Updated: Mar 27, 2021
Reflecting on America’s reaction to the killing of Ahmaud Arbery.
As I prepare to address a University from the Neverlands on the topic of "police brutality in America", I glance at the questions they sent me in preparation. The first question they are asking me to address is, "Why police brutality happens and under what conditions and why does it continue to occur?" I read this question in light of this week's events and the shooting death of Ahmaud Arbery, which truly shakes me. Understandably, the individuals who shot and killed Mr. Arbery were not active law-enforcement; however, according to USA Today, Greg McMichael (the father) was a fellow police officer and, therefore, a level of responsibility should be considered. Reflecting on this situation, I do not need permission to feel anger and distrust towards a justice system considering the lack of pursued justice. But what gets to me is the feeling that I have seen this behavior represented in America's response before.
When I first read the story about a 25-year-old black man (Ahmaud Arbery) being gunned down in the state of Georgia by Travis McMichael (34) and his father Gregory McMichael (64), my immediate reaction was, here we go again. As the story developed and with the release of the video, it was no surprise to see an outcry for the arrest of Travis and Gregory McMichael. After all, this is the cycle that I have come to know. An incident happens, the evidence withheld from the public, video/audio evidence released to the public, public outcry develops, and the presentation of justice pursues. I will classify this as a presentation of justice because a trial has not yet taken place, and therefore a conviction is not upon us.
However, on May 6, 2020, I dawned a question. With the release of the video and the executioner's own recant of what happened, why was there no arrest in February, March, or even April? Seeing a man jogging, pursing him in a truck with a handgun and shotgun, then killing him, sounds straight forward. Even with their story of believing Mr. Arbery was involved in burglaries does not clear them of ill-intent nor justify them approaching him with arms. So, I ask still, why no arrest? Why no presumption of wrongdoing? And to answer my question, it's merely the embedded narrative in the fabrication of America.
In 2017, an author/professor/lawyer by the name of Andre Fede published a book titled Homicide Justified. In short, this book provides an in-depth comparative look (as stated in its subtitle) into the legality of killing Slaves in the United States and the Atlantic World. Represented in this text, as well as other books that capture the narratives of slavery in the United States, legal amplifications and progression throughout time are not only analyzed, but the culture and attitudes presented within America too. As this book promises, it respectfully covers the debate amongst the standards of enslaved homicides throughout time and its societal lack or retribution, but more uniquely, it embarks on the consciousness of the mindset which allows for this debate's existence.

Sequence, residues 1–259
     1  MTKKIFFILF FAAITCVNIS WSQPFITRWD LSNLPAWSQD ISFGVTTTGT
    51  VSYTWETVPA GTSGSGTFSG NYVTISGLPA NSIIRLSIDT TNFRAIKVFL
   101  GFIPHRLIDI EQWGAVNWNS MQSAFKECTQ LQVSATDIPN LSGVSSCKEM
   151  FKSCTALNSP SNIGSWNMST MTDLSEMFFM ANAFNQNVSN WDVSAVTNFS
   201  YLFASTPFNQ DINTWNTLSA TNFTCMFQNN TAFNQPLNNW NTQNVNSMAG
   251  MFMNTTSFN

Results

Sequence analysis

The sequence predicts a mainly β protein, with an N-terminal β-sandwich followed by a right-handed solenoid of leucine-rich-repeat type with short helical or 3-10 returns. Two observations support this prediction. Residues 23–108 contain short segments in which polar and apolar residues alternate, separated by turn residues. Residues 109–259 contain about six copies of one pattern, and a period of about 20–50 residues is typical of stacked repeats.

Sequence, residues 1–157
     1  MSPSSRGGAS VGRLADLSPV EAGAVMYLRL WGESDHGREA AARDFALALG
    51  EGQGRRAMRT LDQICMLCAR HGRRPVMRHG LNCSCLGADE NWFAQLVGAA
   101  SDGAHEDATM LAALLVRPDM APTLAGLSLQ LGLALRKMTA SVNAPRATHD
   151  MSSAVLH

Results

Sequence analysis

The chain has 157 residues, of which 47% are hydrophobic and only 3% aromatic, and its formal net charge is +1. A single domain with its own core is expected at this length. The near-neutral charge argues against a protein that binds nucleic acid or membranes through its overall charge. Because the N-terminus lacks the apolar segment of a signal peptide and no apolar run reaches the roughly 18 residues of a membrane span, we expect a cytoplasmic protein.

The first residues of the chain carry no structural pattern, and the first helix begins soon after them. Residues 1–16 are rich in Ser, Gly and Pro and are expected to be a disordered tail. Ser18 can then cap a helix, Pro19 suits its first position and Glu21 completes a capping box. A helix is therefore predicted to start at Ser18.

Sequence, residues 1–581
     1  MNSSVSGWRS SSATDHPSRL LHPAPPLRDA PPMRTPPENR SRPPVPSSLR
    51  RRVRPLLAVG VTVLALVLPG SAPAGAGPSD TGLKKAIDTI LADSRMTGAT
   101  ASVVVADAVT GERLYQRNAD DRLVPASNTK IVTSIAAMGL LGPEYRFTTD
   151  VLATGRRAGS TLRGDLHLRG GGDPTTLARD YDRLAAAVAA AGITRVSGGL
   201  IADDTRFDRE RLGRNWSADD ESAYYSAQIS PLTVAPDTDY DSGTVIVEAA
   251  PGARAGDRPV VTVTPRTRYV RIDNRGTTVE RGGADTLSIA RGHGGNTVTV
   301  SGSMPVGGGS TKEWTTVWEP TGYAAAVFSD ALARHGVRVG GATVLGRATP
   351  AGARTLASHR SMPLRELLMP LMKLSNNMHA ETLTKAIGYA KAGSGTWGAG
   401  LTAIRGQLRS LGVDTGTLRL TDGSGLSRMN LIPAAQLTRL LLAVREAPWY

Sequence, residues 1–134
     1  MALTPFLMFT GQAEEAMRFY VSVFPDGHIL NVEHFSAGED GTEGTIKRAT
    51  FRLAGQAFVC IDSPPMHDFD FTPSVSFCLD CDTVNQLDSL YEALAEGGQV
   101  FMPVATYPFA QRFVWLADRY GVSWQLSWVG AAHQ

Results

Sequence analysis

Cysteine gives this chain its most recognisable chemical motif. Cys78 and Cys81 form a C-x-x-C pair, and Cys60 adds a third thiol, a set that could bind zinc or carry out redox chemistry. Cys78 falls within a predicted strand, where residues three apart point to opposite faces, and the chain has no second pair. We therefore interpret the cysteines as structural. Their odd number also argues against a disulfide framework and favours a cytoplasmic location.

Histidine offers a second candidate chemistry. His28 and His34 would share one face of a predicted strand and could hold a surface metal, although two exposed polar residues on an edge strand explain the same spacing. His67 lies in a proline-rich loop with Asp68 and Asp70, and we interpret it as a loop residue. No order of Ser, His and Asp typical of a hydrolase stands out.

So that leads me to today, pondering, how can a man jogging, be murdered, in a free society, meant to protect all citizens? Even more so, how can this society still lack retribution? First, it is my opinion that reformed laws are without honest intent. Meaning that the reformation of laws, at least in America, has not been reformed due to moral or religious obligations. Nor due to the consideration of the suffering or generational trauma caused within its society. No, its changes are to the benefit of the oppressor, not the oppressed. The progression of reformed rules occurred only with the promise to continue the legacy and the cognition of white supremacy. To explain, this is how for nearly two months, a district attorney, a police force, and yes, the murderers themselves, can sleep at night. Woven in their cognition from centuries of narratives, Mr. Arbery must have been guilty because he fit a description.
My second opinion to express is the false narratives that allowed a free society to have slaves and murder these slaves at will, still exists today. While the institution of slavery in American transformed, the mindset, social cognition, the thriving will of white supremacy is as well as it has ever been. As quoted from the conclusion of Fede (2017),
"The slave homicide laws … exposed even slave owners to execution for murdering their slaves. But they continued to permit masters to kill their slaves as a result of moderate correction or if their slaves dared even to threaten to resist their masters' authority, thus denying to slaves the criminal law's equal protection" (p.223).
In my final thought, I want to address the title, The Evolution of 'Master-Slave Killing.' I have continued to argue that to deal with healing, we have to acknowledge the wounds in the first place. I am afraid that still, in America, we lack the understanding of the development of our country's consciousness. We are projected to repeat ourselves, tragedy after tragedy, just because we refuse to face our past and its hypocrisies.
Fede, Andrew T. Homicide Justified: The Legality of Killing Slaves in the United States and the Atlantic World. University of Georgia Press, 2017. Project MUSE muse.jhu.edu/book/52491.